Odessa St. Clair, along with her brother, Dominic and her sister Moira, has been sent to Colorado Springs to chase the cure. After all, Odessa is suffering from consumption, the disease that has killed not four of her brothers. By the time the train arrives in Colorado Springs, Odessa has passed out and is near death.
Several days after their arrival Odessa finally wakes up. There she begins to get to know some of the others in the hospital recovering from consumption. But soon, someone apparently murders the miner, Sam OíToole, who was also recovering from consumption. But before Sam dies, he passes her a poem which leaves clues which might direct her to his mine. A mine he claimed carried a fantastic vein of silver. If Odessa recovers completely from consumption, should she try to follow the clues? And if she does, what will she discover?
It has been many years since Iíve read a novel by Lisa T. Bergren. I read her books back in the beginning when she wrote contemporaries, but when she started writing historicals, for some reason I stopped reading her books. But now, one has come into my hands to review. And I was pleasantly surprised that Lisa T. Bergren has only improved - a lot - since the beginning.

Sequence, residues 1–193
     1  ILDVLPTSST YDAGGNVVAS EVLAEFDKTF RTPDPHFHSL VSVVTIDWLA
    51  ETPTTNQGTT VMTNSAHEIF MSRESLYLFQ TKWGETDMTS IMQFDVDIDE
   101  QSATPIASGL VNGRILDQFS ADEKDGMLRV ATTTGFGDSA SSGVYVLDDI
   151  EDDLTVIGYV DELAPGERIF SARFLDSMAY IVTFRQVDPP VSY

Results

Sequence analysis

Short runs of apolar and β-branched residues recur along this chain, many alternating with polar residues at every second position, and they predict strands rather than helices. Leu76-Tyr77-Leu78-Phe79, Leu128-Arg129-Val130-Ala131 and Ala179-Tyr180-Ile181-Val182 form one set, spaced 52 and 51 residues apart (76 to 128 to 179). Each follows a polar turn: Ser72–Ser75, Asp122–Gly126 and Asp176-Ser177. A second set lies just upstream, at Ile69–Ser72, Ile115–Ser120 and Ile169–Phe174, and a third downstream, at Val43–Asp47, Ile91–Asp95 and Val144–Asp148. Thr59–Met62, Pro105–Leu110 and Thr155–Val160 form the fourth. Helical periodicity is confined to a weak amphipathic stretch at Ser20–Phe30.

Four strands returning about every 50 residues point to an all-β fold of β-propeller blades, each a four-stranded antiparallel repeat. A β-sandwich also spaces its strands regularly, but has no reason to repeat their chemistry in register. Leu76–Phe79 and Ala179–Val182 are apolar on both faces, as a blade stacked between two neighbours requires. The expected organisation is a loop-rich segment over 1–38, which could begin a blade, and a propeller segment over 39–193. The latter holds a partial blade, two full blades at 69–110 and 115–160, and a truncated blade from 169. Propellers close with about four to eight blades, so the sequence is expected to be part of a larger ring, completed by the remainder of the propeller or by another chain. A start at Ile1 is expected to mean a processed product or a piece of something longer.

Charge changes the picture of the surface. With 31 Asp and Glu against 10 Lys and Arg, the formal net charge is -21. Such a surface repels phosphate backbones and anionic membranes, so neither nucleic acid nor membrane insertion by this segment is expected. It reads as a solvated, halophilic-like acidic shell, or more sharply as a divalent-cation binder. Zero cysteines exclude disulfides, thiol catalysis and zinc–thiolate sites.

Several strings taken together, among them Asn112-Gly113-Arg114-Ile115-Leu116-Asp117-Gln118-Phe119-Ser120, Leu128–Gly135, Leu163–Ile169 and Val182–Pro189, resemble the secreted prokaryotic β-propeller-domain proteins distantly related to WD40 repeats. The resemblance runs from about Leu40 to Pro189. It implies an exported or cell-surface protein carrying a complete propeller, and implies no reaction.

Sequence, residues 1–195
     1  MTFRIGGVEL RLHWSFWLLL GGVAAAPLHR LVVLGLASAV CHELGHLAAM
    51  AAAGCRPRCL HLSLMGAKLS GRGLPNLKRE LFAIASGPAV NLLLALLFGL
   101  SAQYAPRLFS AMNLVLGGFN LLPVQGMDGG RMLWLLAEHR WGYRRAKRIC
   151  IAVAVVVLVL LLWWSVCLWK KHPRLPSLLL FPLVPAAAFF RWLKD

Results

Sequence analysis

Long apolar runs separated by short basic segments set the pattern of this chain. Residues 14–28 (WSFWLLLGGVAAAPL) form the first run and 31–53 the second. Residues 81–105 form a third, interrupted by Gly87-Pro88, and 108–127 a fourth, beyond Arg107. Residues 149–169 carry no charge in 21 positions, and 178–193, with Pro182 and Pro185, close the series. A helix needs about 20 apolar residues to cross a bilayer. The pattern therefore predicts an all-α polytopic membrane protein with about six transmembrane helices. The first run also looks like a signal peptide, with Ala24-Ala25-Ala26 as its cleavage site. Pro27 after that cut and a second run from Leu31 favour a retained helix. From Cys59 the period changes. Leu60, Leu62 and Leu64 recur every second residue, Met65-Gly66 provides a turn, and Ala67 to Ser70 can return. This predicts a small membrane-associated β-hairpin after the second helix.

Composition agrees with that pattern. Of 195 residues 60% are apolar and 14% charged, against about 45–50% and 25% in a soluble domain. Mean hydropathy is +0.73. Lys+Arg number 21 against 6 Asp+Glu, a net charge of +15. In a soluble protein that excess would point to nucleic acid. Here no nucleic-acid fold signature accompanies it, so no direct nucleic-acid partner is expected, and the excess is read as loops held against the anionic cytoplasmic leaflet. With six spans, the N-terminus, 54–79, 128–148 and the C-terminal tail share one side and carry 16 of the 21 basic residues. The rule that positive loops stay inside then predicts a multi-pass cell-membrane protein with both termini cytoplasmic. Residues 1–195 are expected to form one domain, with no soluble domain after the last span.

I knew Odessa would survive from reading the back cover copy, but just beginning the book in the first few pages, I began to fear for her life. Odessa clearly suffered and her brother and sister were frantic for her. I also hoped that Dominic would get his act together and do the job he was supposed to do, instead of itching for a fight. I worried he would be killed. I fell in love with him though, and I want to read more about Nic someday.
A big plus was the afterwords section of this book, where there is an interview with Ms. Bergren, discussion questions, some fascinating information about the history of Colorado Springs and some of its real inhabitants. Donít miss this great new historical.